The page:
The Health Foundation is currently exploring what action is needed across government departments to improve the nation’s health and tackle health inequalities across the UK. In April, we are consulting with a range of stakeholders on policy proposals about what should form a new cross-government strategy.
Why do we need to tackle inequalities?
Louise Marshall, Senior Public Health Fellow at the Health Foundation, explains why this work is so important:
‘We, and an increasing number of other organisations, have previously set out the need for a cross-government approach to addressing the stark inequalities in health that exist in the UK. The gap in health between people living in the most deprived and most advantaged areas of the UK has risen over the last decade, and the COVID-19 pandemic has really shone a light on this, exacerbating pre-existing inequalities as well as creating new ones.’
Since 2010, the increases in life expectancy seen over recent decades have slowed, particularly in more deprived areas of the UK. Inequalities have increased between regions (with a growing gap between the north and south of England) and between the most deprived and most advantaged areas within those regions. Not only do people living in more deprived areas live shorter lives, they live a greater proportion of their lives in poor health.
These inequalities in health, and the wider inequalities in social and economic circumstances that drive them, have contributed to a high and unequal death toll from COVID-19 in the UK.
‘As the country emerges from the pandemic, we think there is a once-in-a-generation opportunity to create the conditions that enable everyone to thrive’, says Louise. ‘To “level up” health across the UK.’
A healthy population is one of the nation’s most important assets. It’s a vital input into a strong economy that improves people’s wellbeing, their productivity and their ability to participate in society.
Why is a cross-gov strategy needed?
Our opportunities to live healthy lives are influenced by the social, economic and environmental circumstances that shape the places in which we live. These wider determinants of health also drive the wide differences in health across the UK.
While health care and public health services clearly have an important role to play in levelling up health, achieving significant improvements in the population’s health requires coordinated action across a wider set of determinants at national, regional and local levels.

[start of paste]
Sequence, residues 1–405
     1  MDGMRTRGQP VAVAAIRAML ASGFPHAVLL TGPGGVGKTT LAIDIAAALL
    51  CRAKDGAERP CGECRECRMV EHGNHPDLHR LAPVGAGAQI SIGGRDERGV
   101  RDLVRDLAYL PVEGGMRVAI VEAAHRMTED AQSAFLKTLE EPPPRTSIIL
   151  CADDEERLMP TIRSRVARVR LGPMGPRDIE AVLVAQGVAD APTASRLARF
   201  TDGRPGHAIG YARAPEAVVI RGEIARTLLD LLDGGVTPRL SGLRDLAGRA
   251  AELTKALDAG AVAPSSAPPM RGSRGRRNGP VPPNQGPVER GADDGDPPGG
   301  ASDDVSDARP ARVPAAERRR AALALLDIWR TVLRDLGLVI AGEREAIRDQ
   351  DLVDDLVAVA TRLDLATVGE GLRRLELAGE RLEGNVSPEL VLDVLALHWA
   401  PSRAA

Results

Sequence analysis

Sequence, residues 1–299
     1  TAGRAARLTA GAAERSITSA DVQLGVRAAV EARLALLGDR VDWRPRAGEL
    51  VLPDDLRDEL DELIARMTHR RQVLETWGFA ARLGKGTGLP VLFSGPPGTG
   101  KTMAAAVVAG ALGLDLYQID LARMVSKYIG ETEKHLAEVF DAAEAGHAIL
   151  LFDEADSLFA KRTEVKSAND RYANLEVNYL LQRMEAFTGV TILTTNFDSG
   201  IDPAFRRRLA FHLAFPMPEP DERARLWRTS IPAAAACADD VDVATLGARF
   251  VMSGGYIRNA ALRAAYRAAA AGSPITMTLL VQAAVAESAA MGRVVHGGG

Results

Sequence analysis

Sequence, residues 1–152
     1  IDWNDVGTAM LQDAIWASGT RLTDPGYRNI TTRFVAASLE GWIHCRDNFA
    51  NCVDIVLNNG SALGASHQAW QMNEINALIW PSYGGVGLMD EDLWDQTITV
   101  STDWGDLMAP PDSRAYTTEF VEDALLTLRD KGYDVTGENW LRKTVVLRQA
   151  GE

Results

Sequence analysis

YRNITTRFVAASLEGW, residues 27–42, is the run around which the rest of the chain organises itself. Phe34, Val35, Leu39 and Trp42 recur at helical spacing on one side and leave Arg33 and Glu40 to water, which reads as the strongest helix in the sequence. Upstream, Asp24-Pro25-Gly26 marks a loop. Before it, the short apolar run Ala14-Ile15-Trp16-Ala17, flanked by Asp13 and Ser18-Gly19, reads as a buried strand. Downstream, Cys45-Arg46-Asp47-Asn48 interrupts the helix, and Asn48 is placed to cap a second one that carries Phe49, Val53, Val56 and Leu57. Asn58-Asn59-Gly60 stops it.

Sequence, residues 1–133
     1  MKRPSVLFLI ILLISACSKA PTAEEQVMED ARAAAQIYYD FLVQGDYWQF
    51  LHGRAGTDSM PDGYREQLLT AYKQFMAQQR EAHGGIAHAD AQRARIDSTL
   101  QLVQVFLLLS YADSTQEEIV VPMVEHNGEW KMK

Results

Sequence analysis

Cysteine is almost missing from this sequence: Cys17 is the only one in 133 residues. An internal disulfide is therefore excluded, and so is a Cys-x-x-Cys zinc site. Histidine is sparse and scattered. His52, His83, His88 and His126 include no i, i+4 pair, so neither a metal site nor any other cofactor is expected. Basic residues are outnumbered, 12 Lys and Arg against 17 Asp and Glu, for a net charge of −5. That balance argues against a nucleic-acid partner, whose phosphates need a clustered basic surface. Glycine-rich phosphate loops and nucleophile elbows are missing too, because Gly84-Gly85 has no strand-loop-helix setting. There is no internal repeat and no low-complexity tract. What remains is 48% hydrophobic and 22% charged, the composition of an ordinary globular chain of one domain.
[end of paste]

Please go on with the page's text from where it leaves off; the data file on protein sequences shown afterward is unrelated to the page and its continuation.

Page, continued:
‘To address the wider determinants of health we need action across all parts of government’, says Louise.
‘And while much of the action needed sits with local government, it still requires that prioritisation, funding and support at a national level.’
Seven goals and 25 priorities for action
‘At the Health Foundation, we are moving forward from our previous calls for cross-government action by looking at policies that could realistically be implemented as part of a government strategy to level up health in the recovery from the pandemic.’
The Health Foundation is exploring 25 possible policy actions across seven key areas:
- Good health at the heart of decision making
- Giving children the best possible start in life
- Levelling up life chances through education and training
- Great places to live and work
- Connecting the country, creating opportunities
- Health and the environment
- Strengthening the public health agenda
Suggested policy proposals range from incorporating health and wellbeing into any measure of government success, to introducing universal 30-hours free childcare to support families into work, increasing compliance with the decent homes standard, and ringfencing parts of the transport budget to spend on 'active travel'.
The policies have been chosen from a long list developed by reviewing evidence and reports across sectors. The focus is on activity that will get to the root causes of health inequalities, and on areas where there is likely to be greater political will to act now.
Louise says: ‘we acknowledge there’s more that needs to be done than we’ve included in our list, but our suggestions are really focusing on the things that we think are most actionable by this government in the recovery from the pandemic. That might be because there’s already movement in that direction, or because there’s an existing government strategy that can be built upon.
‘We’ve also considered how cross-government action could be delivered. Because we need to think about the mechanisms necessary to make sure big ideas are enacted and monitored on the ground. To do this, we spent time reviewing previous cross-government activity, and identifying the features that seem to be linked with success.’
Uniting the call for cross-government action
Louise says: ‘we’ve developed a working paper and will be consulting with a range of groups throughout April. We’ll also be running a week-long challenge panel, which will gather detailed feedback from members of the public, and people who work with those experiencing disadvantage – ensuring we include valuable input from a wide range of sources.’
The Health Foundation aims to publish a final report in the summer, covering policy proposals, a cross-government model, and methods for monitoring.
‘I hope that this will help to unite and focus calls for cross-government action on health inequalities, and that organisations across sectors will join us in calling on a new approach to levelling up health.’
If you would like to respond to the consultation in April, please contact firstname.lastname@example.org for further details.
This content originally featured in our email newsletter, which explores perspectives and expert opinion on a different health or health care topic each month.